Convocation 2014’s global citizens: Meet Betty Xie
When Betty Xie and her small film crew of U of T students travelled to Taiwan in 2012 to make an election documentary, they thought the politics would be simple — voters who identified as Chinese would support the Koumingtang, voters who identified as Taiwanese would support the Democratic Progressive Party.
However, Xie discovered that things weren’t quite that simple. Through interviews with scholars, students, and voters they realized that there was a wide spectrum of opinions that fell between the two extremes, revealing the complexity of cross-strait relations.
The documentary that she produced, Untag Taiwan, has received critical acclaim, and Xie, who grew up in Richmond, BC before coming to U of T to take a double major in Cinema Studies and Asia Pacific Studies, is now working on a second film. While set in Taiwan again, her new project is not about politics.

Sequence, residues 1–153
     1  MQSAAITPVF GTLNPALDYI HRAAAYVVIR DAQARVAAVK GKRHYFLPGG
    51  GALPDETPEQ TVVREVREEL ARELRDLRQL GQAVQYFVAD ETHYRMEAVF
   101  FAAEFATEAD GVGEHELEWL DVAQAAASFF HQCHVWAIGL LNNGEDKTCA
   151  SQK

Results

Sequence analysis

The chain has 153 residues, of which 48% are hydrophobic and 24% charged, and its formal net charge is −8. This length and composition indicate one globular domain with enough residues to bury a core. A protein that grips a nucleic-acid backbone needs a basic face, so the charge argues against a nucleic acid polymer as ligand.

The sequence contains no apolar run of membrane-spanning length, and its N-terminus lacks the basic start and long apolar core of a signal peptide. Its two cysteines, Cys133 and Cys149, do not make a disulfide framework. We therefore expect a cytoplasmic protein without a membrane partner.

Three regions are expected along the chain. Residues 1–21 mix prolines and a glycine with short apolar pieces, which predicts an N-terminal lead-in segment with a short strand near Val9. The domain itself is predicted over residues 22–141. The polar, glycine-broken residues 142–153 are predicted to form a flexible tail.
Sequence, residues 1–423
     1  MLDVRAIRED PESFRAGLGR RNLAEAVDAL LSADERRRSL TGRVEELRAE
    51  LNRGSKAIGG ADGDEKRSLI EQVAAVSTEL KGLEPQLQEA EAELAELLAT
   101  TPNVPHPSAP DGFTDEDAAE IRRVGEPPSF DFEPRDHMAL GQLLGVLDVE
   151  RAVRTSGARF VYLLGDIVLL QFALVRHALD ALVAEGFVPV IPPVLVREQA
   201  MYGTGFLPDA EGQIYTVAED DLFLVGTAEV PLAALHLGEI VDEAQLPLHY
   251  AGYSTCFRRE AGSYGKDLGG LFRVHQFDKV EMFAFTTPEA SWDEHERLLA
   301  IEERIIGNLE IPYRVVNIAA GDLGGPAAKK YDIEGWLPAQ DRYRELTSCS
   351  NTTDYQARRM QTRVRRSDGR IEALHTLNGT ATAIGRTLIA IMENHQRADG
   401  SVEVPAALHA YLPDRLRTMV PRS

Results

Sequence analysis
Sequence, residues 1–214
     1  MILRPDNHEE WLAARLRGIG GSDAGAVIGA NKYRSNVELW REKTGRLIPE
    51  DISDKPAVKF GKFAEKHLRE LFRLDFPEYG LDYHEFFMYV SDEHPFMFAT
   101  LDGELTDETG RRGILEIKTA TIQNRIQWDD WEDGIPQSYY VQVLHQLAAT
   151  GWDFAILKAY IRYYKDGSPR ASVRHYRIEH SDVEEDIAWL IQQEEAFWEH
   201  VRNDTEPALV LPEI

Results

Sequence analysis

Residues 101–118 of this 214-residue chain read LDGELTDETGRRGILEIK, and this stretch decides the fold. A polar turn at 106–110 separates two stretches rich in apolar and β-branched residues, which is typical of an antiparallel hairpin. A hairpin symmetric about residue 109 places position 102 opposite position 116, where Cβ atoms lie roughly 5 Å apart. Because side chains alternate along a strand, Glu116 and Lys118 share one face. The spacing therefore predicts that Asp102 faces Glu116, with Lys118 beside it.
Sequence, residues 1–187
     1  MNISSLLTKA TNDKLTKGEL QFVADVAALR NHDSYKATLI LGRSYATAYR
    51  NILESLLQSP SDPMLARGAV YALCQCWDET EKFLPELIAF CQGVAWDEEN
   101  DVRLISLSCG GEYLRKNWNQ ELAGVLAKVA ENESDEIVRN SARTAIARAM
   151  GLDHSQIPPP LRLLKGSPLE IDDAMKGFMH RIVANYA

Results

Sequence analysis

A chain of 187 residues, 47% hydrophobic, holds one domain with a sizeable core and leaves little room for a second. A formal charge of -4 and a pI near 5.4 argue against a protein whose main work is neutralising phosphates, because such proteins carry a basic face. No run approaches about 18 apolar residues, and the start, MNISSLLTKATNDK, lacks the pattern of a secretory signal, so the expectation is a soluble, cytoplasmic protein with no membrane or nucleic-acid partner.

“It’s called The Home Promised,” she says, “and it is a documentary about a small neighbourhood on the brink of demolition in Taipei city. Our crew is made up of current U of T students and new grads. We expect to finish the film by the end of the summer and catch on a film festival ride.”
After convocation, Xie will be joining the Toronto Reel Asian International Film Festival’s programming committee. She says she wants to continue to work in the film industry, but not necessarily making documentaries.
- The Dean’s International Initiatives Fund (DIIF) was created specifically for people like Xie. The fund provides financial support to students who put forward their own ideas for an activity that meets their academic goals. Successful proposals receive up to $10,000 to support travel and research costs.
- Five to watch: Convocation 2014’s global citizens
U of T News | June 9, 2014